Activision Publishing and High Moon Studios tapped Digital Domain and Mothership Director Neil Huxley to create the unexpected teaser for Transformers: Fall of Cybertron that premiered December 10th during the 2011 Video Game Awards show on Spike TV. Powerful and dark, with a filmic look and feel, the :90 piece hooks gamers with emotional imagery, a haunting track and redemptive story, and reveals the entree of popular 'bots into the Transformers game world for the first time.
"We wanted to make a piece that looked like we went to Cybertron and shot it with real hand-held cameras," said Dave Cravens, cinematics director for High Moon Studios. "This is an emotional story and it has to feel like the viewer is right there. Digital Domain's virtual production process was like shooting live action, and Neil's creative approach allowed us to take this piece out of the traditional action mode to a higher, more artistic plane. You really feel for the characters and their situation."
Featuring characters from Hasbro's iconic Transformers brand, the piece opens with Optimus Prime carrying his longtime comrade Bumblebee out of battle, whose critical injury is the catalyst for the Autobots' redemption. Puscifer's "Humbling River" delivers a somber backdrop as the mood shifts to despair with the arrival of Megatron, and devastating excitement with the game debut of the Combaticons, who combine and transform into the towering Bruticus. The trailer ends on a hopeful, redemptive note with Grimlock, also a game-world debut, converting into the massive T-Rex to lead the Autobots into their final clash with their archenemies.
"We took a lot of cinematic cues from the Transformers and Terminator movies - eyes lighting out of the dark, lots of atmospherics and smoke, using fires on the battlefield to illuminate characters versus big light," said Huxley. "Camera and lighting were so important in a CG piece of this scope to provide a sense of scale. These guys are massive robots. We were mindful of depth of field and used a lot of wide angle lenses where appropriate."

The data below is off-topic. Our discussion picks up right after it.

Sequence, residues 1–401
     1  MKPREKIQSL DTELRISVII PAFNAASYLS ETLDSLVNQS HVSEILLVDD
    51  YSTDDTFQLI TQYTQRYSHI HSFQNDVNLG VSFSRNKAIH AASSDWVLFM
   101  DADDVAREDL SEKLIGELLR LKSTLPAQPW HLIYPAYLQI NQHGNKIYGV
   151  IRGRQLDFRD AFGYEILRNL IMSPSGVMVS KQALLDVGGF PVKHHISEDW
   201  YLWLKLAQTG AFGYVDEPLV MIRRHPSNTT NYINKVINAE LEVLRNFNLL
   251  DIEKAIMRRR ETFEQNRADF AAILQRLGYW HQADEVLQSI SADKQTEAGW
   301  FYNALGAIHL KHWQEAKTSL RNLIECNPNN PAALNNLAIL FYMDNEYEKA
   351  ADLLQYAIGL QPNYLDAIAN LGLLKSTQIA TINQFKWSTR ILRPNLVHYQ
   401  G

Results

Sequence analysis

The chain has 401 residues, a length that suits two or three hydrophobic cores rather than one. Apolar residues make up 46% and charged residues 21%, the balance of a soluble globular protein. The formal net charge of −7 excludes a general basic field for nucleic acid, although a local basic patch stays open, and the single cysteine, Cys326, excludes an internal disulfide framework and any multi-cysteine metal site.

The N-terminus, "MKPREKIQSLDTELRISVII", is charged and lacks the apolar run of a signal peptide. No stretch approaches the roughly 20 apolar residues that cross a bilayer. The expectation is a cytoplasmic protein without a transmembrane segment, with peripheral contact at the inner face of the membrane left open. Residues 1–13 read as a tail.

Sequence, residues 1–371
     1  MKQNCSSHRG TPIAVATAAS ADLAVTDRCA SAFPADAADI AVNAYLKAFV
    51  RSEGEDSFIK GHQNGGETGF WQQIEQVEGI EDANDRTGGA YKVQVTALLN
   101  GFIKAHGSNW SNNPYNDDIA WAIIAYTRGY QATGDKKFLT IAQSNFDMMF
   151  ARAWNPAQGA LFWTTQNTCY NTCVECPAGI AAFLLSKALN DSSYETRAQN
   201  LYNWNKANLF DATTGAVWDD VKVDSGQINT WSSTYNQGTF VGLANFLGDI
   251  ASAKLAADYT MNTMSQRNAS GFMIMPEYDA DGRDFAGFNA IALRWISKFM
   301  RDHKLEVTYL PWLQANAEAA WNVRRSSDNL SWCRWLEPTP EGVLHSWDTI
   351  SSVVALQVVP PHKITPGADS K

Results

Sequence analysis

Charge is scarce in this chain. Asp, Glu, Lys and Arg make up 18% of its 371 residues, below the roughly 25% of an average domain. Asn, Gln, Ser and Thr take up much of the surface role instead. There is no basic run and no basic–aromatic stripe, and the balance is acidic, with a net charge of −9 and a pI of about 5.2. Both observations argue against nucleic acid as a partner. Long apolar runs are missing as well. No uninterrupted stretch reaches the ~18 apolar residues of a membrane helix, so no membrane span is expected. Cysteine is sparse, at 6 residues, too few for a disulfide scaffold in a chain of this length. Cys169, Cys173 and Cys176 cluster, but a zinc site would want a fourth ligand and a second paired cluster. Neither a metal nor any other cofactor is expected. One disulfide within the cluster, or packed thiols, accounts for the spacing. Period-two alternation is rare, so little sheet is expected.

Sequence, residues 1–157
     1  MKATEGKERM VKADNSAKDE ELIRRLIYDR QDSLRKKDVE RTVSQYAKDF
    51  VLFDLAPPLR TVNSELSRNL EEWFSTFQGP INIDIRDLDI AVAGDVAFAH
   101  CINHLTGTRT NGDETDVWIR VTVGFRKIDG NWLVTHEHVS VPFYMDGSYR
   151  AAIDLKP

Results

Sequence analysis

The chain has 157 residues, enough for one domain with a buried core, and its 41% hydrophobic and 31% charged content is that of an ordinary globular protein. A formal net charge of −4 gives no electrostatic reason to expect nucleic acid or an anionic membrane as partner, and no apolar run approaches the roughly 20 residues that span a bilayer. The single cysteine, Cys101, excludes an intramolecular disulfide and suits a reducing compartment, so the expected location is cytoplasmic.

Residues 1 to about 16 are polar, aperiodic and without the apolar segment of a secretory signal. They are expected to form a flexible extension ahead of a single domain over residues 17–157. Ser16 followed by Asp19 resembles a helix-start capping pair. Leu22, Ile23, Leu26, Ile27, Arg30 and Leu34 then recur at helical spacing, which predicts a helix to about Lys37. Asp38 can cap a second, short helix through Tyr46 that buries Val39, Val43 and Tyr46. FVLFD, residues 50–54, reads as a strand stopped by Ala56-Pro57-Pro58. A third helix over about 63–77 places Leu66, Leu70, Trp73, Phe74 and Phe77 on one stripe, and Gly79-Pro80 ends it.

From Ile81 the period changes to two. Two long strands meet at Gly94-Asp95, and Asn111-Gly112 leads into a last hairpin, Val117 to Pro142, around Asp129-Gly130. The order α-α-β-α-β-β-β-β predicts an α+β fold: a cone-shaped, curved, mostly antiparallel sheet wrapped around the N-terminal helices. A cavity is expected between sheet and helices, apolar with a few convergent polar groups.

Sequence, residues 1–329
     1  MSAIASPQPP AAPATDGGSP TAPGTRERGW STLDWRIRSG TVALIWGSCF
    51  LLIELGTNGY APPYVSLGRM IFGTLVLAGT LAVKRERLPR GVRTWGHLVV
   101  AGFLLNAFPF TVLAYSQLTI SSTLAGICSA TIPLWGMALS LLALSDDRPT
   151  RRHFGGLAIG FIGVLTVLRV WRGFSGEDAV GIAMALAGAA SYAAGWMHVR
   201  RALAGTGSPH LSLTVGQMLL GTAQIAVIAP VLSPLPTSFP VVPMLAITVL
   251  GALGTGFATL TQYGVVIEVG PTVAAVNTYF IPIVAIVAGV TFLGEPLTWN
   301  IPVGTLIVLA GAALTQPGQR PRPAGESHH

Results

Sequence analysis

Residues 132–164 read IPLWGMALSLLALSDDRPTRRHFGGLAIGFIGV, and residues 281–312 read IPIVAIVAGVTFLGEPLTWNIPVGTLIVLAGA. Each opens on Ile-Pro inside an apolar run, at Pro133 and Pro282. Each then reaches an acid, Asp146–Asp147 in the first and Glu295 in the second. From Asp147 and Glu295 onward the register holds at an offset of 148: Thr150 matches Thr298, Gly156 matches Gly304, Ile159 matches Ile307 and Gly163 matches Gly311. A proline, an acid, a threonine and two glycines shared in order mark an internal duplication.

Making the robots emote was challenging, as none of the characters had facial rigging for animation. "It becomes about theatrics and performance; selling emotion through visuals, with the music heightening it and creating mood," said Huxley.
Production began with extensive pre-visualization that included lighting cues, giving Activision a clear idea of how the piece would actually look in the end. Then, working in Digital Domain's virtual production studio, Huxley took pre-vis elements and a virtual camera onto the stage and directed the movement of CG sets and motion-capture actors in real time - shooting the CG story as if he were shooting live action. Digital Domain artists finished the spot with final animation, lighting and compositing. A team of 15 took the piece from start to finish in eight weeks.
"People are used to a certain type of trailer for a game like this," commented Rich Flier, Digital Domain Executive Producer, Gaming. "Activision wanted to take it to a different place - to give gamers something unexpected; more of a backstory that would set a completely different tone. In this piece you get more of the characters' motivation and you really feel for them and their situation. There's a little bit of hope, some redemption."
"We were able to take our experience working on the Transformers movies to create a look for this piece that was consistent with the franchise but delivers the unique 'Cybertronian' aesthetic of this standalone game series," said Ed Ulbrich, Chief Creative Officer of Digital Domain and President of Mothership. "And having virtual production in house meant that we could shoot these massive CG characters like live action, bringing more feeling and emotion to the piece and ultimately helping to elevate the game."